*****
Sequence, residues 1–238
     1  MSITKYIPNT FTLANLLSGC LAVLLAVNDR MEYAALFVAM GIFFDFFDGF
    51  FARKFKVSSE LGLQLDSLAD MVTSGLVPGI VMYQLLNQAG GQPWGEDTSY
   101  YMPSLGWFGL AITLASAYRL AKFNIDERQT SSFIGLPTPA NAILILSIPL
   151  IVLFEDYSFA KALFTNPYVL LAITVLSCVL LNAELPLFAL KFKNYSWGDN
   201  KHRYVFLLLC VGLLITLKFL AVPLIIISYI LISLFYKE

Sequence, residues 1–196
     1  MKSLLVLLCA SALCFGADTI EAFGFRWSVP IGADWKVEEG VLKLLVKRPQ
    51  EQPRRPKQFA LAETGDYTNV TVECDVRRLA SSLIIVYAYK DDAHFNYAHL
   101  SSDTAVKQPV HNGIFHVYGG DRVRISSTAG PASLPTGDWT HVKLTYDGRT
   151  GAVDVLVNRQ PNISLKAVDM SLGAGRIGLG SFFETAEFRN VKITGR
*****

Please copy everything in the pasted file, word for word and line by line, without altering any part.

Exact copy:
Sequence, residues 1–238
     1  MSITKYIPNT FTLANLLSGC LAVLLAVNDR MEYAALFVAM GIFFDFFDGF
    51  FARKFKVSSE LGLQLDSLAD MVTSGLVPGI VMYQLLNQAG GQPWGEDTSY
   101  YMPSLGWFGL AITLASAYRL AKFNIDERQT SSFIGLPTPA NAILILSIPL
   151  IVLFEDYSFA KALFTNPYVL LAITVLSCVL LNAELPLFAL KFKNYSWGDN
   201  KHRYVFLLLC VGLLITLKFL AVPLIIISYI LISLFYKE

Sequence, residues 1–196
     1  MKSLLVLLCA SALCFGADTI EAFGFRWSVP IGADWKVEEG VLKLLVKRPQ
    51  EQPRRPKQFA LAETGDYTNV TVECDVRRLA SSLIIVYAYK DDAHFNYAHL
   101  SSDTAVKQPV HNGIFHVYGG DRVRISSTAG PASLPTGDWT HVKLTYDGRT
   151  GAVDVLVNRQ PNISLKAVDM SLGAGRIGLG SFFETAEFRN VKITGR